This is hopefully pretty simple. I’ve tried to comment the code for insertion well so that this is as understandable as possible.
How can I determine which child of a node contains a point?
Since we use this several places, it’s important to know why/how this works, but it’s really simple. Remember that every node has a center point (which I called the “origin” in the code) and that all of the child nodes meet at this center point. There are eight children, which is exactly three bits of data. The children are assigned numbers in a simple way so that we can perform this operation quickly. If the point’s x-value is greater than the center point’s x-value, then the third bit of the children index will be set, otherwise it will be zero. Similarly if the y-value of the point is greater than the center point’s y-value, than the second bit is set, and similarly for the z-value. This basically means we do three comparisons and a few bitwise ORs in order to get the child index.
How can I quickly find all the points in a query box?
The main point of making this octree was so we could build the tree with tons of points in it before we start rendering/simulating something/etc and then quickly make many calls to “getPointsInsideBox” during execution. This is also pretty straight forward. The input to this algorithm is a axis-aligned bounding box defined by it’s minimum and maximum corner points and a list which we will insert our results onto. Like when we were building the tree, we can imagine this as a number of “cases” and just look at what we should do in each case. We begin by looking at the root:
- If this node is a leaf node and we have data, see if the point is contained within the query box. If it is, then insert it into the results list.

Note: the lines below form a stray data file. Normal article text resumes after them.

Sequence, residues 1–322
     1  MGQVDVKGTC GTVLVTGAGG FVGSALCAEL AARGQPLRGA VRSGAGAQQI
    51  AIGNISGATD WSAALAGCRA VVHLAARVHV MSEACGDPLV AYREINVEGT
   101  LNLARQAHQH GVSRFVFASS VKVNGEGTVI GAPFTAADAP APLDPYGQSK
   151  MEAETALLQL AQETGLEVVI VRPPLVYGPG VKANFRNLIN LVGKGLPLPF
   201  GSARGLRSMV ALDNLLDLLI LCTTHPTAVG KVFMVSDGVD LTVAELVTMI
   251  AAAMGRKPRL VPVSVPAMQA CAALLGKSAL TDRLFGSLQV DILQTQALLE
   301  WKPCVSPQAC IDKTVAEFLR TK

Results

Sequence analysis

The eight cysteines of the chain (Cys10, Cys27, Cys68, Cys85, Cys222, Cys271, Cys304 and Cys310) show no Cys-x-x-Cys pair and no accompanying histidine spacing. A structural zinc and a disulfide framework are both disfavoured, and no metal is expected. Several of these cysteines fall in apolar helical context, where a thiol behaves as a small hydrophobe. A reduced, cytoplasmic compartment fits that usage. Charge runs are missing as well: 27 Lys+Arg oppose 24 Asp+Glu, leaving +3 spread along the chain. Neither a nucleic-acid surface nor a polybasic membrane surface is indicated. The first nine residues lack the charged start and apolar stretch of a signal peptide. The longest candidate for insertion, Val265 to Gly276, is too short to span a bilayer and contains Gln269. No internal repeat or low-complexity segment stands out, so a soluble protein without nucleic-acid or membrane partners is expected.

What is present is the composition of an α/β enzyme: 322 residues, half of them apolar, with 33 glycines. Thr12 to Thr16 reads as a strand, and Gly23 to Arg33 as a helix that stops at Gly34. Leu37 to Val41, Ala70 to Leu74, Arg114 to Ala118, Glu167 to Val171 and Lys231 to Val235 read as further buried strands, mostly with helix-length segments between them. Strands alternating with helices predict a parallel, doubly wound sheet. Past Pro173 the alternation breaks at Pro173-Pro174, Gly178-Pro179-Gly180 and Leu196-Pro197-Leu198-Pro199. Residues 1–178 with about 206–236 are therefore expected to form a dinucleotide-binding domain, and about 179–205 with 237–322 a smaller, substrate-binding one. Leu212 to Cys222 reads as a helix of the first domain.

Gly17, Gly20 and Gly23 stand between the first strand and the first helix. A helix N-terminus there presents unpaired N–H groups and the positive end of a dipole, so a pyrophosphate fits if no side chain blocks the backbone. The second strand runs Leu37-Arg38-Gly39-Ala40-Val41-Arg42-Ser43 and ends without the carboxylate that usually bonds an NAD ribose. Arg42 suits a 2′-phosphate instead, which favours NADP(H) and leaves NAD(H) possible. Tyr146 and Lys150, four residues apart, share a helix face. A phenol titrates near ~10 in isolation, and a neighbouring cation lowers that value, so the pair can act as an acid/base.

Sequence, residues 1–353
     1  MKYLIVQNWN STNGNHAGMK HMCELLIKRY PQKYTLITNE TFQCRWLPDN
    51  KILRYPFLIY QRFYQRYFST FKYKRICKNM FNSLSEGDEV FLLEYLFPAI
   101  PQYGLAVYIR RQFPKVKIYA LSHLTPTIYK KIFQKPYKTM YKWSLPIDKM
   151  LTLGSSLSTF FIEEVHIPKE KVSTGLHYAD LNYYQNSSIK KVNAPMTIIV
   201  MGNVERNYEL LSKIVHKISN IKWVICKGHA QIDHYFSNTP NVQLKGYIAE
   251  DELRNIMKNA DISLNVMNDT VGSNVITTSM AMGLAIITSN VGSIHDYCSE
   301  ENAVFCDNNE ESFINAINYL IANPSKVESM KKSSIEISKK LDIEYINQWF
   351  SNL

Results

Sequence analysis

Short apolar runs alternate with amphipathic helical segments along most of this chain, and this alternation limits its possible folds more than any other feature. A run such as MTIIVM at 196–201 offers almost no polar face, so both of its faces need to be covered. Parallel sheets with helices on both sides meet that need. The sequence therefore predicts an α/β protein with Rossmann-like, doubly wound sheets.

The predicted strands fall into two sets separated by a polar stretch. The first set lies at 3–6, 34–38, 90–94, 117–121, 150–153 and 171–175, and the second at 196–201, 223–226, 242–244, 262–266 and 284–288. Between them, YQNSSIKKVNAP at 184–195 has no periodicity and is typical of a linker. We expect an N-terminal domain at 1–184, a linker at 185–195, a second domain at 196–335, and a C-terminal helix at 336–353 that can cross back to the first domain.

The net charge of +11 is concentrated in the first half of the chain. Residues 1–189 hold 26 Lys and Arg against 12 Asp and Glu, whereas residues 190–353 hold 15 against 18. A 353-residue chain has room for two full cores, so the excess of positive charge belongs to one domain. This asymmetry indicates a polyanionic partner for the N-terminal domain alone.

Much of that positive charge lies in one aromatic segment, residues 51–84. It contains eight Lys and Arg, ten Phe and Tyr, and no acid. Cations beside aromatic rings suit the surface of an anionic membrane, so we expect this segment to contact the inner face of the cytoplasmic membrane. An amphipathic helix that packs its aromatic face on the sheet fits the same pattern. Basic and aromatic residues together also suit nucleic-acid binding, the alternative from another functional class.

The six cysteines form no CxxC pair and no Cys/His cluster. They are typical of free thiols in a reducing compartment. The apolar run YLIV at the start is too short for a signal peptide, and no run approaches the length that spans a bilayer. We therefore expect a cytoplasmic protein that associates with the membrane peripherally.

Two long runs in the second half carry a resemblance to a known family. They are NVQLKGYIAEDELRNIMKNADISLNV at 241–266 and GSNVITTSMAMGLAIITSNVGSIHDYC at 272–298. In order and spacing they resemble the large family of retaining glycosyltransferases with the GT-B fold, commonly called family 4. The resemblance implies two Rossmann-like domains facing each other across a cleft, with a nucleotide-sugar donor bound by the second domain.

- If we’re at a leaf node and there’s nothing stored here, then we won’t insert a result for this node.
- We must be at an interior node in this case. We will look at each of this nodes eight children. If the child’s bounding box lies outside the bounding box, then there is no need to check that child or any of it’s descendants in the tree. In any other case, we will recursively look into the child node (step 1).
Note: If the size of the querying box is large with respect to the whole space the tree encompasses, then you will visit many (or, in the worst case, all) nodes in the tree. When you are looking at this many nodes, it may actually be faster to use another method. In the case where the result is all the points, you can see how the octree actually performs worse than brute-force checking every node manually! But, octrees give huge gains when the query is a small region of space compared to the size of the tree’s space, as the code demonstrates.
The example code at github is meant to educate rather than be extremely optimized. I hope there is a good amount of explanation between this post and the code comments. If not, please leave a comment here!
For those curious, the opening picture depicts an octree used for quickly simulating fluids using “vortons”, which will be the subject of the next article